PRESSURE whipped up in the Balkans and Central Europe is creating cracks in NATO's once-monolithic facade, and those fissures threaten to undermine construction of a unified Europe.
Since the 1989 lifting of the Iron Curtain, Western leaders have groped to bring the once-Communist nations of Europe into the fold of the market democracies.
Some leaders, especially German Chancellor Helmut Kohl, argue that Europe's rapid unification is the best way to ensure future Continental peace. But Russia is holding up the process, having another view of united Europe's dimensions. Meanwhile, caught in the middle is the United States, which wants to avoid creating new, permanent continental divisions.
Straddling the East-West divide, Germany frames the matter as a race against time. The longer the Balkans and Central Europe are left to stew in ethnic and economic crises, the greater the prospects that their troubles may spill into the West.
The 16-member organization is generally recognized as the prime instrument in the effort to stabilize Europe's trouble spots. But the post-cold-war age has so far done more to expose NATO's weaknesses than highlight its strengths. The Balkan quagmire, and Central Europe's economic uncertainty, underscore the need for different approaches from NATO strategists than those required during the cold war.
Tough talk and a massive arsenal are not enough to get the job done anymore. Peacekeeping needs a greater diplomatic touch. NATO members realize this, but still find themselves mired in tactics.
Forging consensus, especially regarding expansion, will be the main task of Willy Claes, the alliance's new secretary-general. The former Belgian foreign minister replaced the late Manfred Worner.
NATO has pledged to expand eastward, but it has not provided a time frame. On Oct. 17, his first day at his new post, Mr. Claes said drafting a growth blueprint was his top priority. He also said NATO needs to bolster its political component, and strengthen ties with other international organizations, especially the United Nations.
As Belgian foreign minister, Claes gained a reputation for deft consensus-building and negotiating skills. He'll need them as he attempts to reconcile NATO aims and Russian concerns.
Moscow still figures greatly in all of NATO's calculations. US Ambassador to NATO Robert Hunter says Russia is ``arguably the most important factor in determining the future of European security.''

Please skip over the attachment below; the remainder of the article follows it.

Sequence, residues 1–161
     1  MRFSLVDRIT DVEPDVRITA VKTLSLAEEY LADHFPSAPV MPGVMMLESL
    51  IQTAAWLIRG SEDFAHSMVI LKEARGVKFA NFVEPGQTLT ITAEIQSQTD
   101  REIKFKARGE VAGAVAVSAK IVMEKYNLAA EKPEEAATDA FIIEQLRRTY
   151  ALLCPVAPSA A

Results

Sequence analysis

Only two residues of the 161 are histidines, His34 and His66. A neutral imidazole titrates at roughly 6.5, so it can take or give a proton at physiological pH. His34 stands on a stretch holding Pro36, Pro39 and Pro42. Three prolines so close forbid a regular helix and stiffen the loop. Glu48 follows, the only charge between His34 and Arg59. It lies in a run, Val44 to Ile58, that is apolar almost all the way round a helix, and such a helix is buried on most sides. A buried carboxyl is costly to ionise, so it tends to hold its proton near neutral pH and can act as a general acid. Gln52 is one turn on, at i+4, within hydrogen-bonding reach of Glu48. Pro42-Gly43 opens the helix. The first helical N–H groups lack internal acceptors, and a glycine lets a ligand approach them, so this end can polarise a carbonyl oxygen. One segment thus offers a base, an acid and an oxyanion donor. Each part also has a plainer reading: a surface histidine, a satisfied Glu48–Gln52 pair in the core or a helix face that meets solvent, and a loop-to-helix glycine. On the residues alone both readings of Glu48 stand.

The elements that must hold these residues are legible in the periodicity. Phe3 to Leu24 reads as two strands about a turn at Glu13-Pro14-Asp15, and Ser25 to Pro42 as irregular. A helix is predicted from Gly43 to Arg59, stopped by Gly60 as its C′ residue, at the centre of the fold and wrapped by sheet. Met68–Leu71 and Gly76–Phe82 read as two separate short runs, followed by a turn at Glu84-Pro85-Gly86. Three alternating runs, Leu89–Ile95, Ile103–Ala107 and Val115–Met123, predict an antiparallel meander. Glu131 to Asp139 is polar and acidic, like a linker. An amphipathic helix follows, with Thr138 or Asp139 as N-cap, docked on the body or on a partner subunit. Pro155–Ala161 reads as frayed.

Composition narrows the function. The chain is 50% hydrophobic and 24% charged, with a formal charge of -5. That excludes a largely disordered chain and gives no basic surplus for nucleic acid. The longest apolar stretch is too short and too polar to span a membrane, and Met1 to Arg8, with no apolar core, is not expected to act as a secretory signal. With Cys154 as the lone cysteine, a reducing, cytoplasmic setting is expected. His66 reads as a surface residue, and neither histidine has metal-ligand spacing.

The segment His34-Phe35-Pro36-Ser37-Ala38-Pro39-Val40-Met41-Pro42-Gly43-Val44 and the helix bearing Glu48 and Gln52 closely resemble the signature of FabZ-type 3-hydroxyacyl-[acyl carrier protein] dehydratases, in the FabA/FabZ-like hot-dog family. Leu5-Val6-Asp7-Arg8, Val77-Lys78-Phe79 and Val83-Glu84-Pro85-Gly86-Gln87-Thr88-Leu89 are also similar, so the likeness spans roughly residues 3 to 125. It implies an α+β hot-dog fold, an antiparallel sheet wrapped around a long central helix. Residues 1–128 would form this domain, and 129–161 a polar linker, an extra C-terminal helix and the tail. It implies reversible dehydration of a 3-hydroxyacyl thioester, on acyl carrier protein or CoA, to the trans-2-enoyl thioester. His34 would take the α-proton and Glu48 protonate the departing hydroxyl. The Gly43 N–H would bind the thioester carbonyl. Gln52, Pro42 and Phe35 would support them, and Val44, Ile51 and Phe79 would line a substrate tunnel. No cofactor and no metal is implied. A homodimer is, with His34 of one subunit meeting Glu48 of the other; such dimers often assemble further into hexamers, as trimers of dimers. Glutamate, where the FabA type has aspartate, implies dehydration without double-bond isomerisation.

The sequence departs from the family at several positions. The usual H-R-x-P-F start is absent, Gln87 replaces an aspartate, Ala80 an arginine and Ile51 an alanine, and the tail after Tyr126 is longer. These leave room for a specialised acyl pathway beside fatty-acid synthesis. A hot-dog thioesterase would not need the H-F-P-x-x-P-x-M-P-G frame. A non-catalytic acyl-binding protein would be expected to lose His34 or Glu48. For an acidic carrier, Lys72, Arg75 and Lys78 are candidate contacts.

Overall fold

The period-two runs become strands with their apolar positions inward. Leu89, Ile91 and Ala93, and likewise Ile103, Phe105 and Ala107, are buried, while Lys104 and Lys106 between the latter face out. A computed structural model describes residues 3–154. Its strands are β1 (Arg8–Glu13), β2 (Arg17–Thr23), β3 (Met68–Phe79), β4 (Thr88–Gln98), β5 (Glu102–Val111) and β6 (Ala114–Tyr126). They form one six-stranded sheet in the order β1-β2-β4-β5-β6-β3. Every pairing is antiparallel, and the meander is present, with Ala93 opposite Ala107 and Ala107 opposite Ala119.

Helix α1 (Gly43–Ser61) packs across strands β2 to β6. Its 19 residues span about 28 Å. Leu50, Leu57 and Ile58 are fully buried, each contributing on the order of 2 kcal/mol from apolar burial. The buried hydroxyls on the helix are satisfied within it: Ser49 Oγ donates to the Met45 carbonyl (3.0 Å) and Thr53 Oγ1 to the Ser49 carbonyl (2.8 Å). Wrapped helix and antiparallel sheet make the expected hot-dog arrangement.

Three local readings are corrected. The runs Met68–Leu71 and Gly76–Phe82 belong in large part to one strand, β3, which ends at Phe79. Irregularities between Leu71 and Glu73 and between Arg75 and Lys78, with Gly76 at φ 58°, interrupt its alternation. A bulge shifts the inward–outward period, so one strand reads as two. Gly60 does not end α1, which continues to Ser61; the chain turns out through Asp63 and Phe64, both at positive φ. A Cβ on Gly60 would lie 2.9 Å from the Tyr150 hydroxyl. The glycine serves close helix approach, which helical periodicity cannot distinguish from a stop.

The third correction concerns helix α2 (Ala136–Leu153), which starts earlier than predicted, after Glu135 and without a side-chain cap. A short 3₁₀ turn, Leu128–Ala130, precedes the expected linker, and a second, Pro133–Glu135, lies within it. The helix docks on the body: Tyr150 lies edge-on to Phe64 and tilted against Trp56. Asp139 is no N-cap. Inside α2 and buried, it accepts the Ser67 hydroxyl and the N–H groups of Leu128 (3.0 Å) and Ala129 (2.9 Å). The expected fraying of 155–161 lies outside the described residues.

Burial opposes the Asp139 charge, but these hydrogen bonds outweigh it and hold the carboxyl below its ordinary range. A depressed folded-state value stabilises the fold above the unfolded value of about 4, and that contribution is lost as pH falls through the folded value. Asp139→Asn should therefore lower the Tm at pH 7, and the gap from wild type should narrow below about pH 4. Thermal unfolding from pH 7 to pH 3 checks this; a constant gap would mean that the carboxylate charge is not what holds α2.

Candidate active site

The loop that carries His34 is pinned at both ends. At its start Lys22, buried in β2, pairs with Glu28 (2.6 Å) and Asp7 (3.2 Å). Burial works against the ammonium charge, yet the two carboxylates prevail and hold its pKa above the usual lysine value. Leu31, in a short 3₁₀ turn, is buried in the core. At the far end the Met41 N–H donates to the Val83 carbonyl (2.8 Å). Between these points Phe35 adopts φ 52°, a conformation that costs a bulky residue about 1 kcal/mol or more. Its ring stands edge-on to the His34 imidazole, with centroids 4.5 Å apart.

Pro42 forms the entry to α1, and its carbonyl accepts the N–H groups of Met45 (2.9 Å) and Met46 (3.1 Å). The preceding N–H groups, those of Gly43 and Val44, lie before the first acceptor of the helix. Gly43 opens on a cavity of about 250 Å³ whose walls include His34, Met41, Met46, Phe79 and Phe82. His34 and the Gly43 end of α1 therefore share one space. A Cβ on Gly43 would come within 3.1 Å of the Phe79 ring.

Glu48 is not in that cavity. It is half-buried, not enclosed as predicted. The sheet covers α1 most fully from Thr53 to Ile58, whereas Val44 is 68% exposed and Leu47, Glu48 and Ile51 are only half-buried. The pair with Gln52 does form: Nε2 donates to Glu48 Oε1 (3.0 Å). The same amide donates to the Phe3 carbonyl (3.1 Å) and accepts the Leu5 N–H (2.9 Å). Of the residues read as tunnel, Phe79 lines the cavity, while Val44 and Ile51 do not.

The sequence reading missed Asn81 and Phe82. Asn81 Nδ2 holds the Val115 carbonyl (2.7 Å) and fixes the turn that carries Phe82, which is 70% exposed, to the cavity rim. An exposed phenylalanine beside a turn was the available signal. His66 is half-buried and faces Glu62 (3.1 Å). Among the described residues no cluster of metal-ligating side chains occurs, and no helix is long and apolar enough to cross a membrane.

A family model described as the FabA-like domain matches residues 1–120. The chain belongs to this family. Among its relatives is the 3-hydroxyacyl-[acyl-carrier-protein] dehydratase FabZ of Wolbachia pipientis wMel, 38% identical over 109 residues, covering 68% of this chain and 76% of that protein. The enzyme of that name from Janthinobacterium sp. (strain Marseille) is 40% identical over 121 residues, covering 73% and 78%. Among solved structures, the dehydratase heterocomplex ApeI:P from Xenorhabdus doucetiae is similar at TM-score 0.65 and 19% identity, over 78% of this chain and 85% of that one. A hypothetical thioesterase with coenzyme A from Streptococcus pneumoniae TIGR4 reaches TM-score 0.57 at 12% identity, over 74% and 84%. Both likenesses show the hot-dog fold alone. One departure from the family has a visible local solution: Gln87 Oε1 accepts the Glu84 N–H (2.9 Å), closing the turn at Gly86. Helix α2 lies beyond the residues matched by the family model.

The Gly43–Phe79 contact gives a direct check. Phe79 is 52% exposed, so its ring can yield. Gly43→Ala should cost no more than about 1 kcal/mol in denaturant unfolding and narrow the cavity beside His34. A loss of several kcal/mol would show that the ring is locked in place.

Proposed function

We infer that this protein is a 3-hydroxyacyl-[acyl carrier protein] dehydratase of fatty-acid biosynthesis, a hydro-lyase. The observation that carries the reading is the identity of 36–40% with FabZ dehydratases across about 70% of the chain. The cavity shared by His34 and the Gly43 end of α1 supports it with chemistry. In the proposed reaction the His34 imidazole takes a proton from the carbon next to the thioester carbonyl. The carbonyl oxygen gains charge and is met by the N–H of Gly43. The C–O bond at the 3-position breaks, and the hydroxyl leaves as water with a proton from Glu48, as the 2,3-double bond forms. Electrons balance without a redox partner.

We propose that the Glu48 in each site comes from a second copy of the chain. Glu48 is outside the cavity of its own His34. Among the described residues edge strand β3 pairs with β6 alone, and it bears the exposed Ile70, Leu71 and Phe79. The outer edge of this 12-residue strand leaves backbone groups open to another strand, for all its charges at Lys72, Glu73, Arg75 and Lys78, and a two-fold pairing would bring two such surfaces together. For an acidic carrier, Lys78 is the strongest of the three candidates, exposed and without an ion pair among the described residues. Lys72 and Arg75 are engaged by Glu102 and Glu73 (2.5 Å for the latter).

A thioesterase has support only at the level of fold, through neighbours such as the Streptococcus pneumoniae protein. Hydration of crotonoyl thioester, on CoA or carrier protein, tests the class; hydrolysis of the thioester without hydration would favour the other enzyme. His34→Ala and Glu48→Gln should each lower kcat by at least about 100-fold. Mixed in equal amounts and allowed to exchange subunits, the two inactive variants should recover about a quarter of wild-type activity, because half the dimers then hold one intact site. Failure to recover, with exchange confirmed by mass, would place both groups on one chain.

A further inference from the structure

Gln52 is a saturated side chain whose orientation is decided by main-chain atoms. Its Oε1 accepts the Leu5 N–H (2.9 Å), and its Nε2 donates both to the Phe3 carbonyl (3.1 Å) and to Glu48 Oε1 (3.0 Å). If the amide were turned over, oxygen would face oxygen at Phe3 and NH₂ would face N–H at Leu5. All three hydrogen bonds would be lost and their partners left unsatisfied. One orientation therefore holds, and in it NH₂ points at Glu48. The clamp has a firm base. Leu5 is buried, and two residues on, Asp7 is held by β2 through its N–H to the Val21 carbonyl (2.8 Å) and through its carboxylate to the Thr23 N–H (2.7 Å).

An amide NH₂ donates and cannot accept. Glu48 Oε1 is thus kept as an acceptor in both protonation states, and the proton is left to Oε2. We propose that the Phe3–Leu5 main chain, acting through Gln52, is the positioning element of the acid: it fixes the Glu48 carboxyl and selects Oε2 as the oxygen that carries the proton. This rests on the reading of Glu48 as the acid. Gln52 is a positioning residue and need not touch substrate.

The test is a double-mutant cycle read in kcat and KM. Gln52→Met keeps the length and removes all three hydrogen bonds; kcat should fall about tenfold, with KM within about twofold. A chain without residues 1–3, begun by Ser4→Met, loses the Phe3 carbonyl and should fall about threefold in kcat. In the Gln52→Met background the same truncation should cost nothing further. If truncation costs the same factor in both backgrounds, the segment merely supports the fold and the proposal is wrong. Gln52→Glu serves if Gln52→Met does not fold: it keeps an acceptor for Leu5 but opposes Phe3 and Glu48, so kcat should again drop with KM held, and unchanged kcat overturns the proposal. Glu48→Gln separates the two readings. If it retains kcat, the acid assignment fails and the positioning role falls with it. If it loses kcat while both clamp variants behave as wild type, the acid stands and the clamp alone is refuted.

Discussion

Lacking unanimity, NATO so far has adopted a cautious approach to security maintenance, citing the dangers of isolating a weak Russia. In many of the former Soviet republics, however, NATO's caution is quietly scorned. Many observers, especially in Central Europe, worry that NATO is losing its effectiveness as a guarantor of European stability.
That the Balkans and Central Europe are still enmeshed in uncertainty would seem to compound fears about NATO's peacemaking ability.
Regarding the Bosnian civil war, NATO and the UN have had problems agreeing on a unified strategy. A recent NATO initiative that would have brought increased air power to bear against Bosnian Serb forces stalled in the face of UN resistance. UN officials said increased air raids might prompt Serb reprisals against UN peacekeepers deployed in Bosnia.
And NATO nations are deeply divided on how best to promote stability in Central Europe as those states struggle with the transition to market democracy.
So far, the alliance has only come up with the nebulous Partnership for Peace, offering European countries greater military cooperation with NATO without extending security guarantees.
Poland and the Czech Republic in particular want rapid inclusion in NATO and the European Union. They reason NATO could provide security, boosting the region's democratic transformation.
At a September NATO meeting, the expansion question proved so divisive that members put off a decision. Germany supported the move to expand, but US officials argued the risks of angering Russia outweighed any benefit of giving Central Europe a firm membership timetable. Russia has become increasingly hostile to including Central Europe in NATO.
Some defense officials in Moscow have even hinted that Russia might form a new security bloc of its own - comprising most of the former Soviet republics - if NATO pushed eastward. That would effectively cement a new European dividing line, which US leaders are anxious to avoid.